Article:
Dr Susie Mitchell, Glasgow City of Science and Innovation programme director, was part of the team that represented Glasgow when the top 12 cities pitched to the judging panel in Brussels earlier this month.
In the announcement, Glasgow was highlighted as a ‘twin-track’ city of contrasts – a world leader in new economies within digital, science and technology with striking poverty and health inequality.
In response, Glasgow is building an ecosystem of civic innovation, such as the Centre for Civic Innovation, to drive an inclusive growth agenda that catalyses business, universities and communities.
Through innovation Glasgow is successfully driving transformation from a post-industrial city towards becoming a city of knowledge with sustainable, liveable and equitable communities.
The iCapital prize enables European cities to showcase their contribution to developing local innovation ecosystems for the benefit of businesses and the wellbeing of their citizens. The five runners up will each receive 100,000. The other finalists are Antwerp (Belgium), Bristol (UK), Espoo (Finland), Nantes (France) and Rotterdam (The Netherlands).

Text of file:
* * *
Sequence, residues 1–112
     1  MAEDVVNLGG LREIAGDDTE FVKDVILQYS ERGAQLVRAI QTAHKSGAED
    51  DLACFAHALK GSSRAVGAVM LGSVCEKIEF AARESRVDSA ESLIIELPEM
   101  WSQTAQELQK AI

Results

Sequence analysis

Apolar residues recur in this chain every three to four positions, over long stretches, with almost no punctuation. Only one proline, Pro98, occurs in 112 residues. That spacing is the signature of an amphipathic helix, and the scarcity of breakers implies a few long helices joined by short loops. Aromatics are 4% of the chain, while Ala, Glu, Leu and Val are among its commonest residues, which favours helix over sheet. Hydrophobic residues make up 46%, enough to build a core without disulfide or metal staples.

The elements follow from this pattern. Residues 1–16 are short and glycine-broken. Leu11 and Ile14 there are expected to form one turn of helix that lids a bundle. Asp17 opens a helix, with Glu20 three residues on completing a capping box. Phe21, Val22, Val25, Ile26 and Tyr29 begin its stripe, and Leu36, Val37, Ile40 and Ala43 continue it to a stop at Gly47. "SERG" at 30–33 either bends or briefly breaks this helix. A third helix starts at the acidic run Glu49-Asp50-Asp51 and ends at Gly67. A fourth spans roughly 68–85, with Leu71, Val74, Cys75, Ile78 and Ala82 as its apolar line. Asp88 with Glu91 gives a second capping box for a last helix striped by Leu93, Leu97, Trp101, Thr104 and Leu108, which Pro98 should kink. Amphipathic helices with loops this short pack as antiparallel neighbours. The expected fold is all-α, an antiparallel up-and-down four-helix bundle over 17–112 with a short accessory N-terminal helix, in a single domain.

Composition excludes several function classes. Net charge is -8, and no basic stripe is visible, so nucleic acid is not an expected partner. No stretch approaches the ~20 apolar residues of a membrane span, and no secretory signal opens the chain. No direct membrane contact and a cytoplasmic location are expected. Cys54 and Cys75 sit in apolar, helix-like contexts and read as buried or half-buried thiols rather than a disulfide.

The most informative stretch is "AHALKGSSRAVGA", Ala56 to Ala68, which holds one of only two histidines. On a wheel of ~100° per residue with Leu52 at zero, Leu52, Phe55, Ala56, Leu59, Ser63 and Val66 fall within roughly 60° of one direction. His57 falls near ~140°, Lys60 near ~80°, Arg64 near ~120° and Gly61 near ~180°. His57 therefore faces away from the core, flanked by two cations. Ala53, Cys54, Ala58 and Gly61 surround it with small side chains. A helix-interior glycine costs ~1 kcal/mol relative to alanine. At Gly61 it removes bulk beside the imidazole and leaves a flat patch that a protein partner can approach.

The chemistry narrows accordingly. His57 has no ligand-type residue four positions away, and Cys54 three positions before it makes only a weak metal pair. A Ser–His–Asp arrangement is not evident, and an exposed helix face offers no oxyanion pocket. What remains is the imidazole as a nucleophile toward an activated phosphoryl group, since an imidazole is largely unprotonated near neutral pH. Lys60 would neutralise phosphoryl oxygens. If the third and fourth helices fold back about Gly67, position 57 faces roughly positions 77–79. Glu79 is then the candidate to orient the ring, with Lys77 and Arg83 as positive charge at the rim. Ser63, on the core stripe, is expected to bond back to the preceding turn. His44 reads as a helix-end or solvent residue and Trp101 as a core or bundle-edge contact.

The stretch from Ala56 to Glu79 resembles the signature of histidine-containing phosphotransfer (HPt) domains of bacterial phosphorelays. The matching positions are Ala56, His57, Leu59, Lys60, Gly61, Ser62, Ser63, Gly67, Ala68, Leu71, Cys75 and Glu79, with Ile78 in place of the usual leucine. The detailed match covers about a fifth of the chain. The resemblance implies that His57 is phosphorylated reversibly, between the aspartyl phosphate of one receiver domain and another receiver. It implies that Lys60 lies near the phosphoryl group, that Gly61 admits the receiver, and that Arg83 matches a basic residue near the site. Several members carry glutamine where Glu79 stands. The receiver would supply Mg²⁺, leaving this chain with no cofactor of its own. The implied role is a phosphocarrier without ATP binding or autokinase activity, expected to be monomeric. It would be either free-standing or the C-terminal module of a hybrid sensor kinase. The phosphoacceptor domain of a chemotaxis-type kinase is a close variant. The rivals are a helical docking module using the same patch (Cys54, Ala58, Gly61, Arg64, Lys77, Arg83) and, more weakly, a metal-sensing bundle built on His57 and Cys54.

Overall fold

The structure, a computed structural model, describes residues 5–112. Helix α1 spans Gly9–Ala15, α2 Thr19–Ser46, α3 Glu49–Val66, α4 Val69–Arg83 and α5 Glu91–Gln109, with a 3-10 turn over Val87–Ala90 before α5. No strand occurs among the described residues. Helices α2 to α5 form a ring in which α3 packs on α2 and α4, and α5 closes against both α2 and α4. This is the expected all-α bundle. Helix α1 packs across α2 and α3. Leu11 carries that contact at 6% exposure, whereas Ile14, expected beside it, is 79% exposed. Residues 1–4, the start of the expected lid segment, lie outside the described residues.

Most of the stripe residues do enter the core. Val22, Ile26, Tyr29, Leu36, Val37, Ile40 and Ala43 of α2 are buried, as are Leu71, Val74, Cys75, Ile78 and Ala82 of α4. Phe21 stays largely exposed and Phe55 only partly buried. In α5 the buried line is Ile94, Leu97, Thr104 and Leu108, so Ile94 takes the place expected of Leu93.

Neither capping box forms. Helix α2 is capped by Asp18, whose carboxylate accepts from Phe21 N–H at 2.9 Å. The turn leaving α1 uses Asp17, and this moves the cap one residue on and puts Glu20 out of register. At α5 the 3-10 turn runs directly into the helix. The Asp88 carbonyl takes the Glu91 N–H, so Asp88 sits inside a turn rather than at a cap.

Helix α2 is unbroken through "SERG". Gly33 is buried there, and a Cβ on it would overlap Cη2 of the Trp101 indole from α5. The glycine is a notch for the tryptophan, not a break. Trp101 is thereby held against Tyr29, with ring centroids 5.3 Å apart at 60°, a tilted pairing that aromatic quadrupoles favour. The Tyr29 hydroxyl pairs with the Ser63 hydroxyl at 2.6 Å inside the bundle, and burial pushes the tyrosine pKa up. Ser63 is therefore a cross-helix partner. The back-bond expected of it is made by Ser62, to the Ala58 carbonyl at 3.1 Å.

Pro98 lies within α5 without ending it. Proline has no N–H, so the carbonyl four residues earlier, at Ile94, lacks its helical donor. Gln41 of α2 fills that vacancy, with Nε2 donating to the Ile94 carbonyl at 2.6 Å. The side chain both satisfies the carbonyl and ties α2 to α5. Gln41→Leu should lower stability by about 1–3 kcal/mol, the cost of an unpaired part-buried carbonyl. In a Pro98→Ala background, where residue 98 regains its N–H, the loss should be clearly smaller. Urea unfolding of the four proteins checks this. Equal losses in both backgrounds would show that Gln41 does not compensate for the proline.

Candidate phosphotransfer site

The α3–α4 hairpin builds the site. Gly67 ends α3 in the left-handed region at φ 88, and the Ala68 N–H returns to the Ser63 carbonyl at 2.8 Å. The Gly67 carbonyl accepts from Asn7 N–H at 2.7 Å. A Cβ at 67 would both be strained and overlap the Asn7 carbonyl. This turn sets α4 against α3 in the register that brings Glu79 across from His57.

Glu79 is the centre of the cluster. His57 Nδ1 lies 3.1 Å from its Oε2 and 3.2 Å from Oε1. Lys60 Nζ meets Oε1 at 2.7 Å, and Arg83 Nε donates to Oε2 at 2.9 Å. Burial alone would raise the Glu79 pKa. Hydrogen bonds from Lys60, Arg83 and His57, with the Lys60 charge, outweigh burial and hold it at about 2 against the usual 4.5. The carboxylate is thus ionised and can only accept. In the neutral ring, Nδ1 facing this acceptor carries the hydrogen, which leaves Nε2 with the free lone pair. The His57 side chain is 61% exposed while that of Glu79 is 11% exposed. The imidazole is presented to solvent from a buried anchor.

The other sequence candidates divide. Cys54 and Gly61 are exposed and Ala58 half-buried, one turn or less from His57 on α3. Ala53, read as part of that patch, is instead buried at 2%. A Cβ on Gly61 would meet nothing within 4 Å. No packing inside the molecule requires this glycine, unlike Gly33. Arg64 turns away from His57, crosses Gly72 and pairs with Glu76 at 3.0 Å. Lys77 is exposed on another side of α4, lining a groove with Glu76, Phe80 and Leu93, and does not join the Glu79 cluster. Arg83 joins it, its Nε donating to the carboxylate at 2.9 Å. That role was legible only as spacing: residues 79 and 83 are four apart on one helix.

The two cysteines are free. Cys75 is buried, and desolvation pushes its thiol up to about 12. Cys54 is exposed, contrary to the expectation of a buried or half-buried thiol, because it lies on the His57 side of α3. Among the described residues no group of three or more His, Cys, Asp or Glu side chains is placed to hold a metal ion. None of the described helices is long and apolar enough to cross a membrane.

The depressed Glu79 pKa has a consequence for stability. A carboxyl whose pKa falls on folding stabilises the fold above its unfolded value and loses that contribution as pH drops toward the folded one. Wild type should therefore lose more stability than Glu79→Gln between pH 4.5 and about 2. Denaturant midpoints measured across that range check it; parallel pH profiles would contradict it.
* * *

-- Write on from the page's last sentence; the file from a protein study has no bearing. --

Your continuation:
Carlos Moedas, Commissioner for Research, Science and Innovation, will reveal the European Capital of Innovation 2019 on September 25 during the ‘EU Research and Innovation days’ event in Brussels.
Glasgow was previously shortlisted in the 2016 competition, which was won by Amsterdam.
As a legacy project from our involvement in the competition, Glasgow conceived the idea of connecting the shortlisted iCapital ‘alumni’ cities through a pioneering digital collaboration platform which would nurture opportunities for collaboration, support ideas exchange between cities and add value to the existing innovation landscape.
The Ideas & Knowledge Exchange Network (iKEN) went live in summer 2018 and 18 iCapital alumni cities are now part of the pioneering network.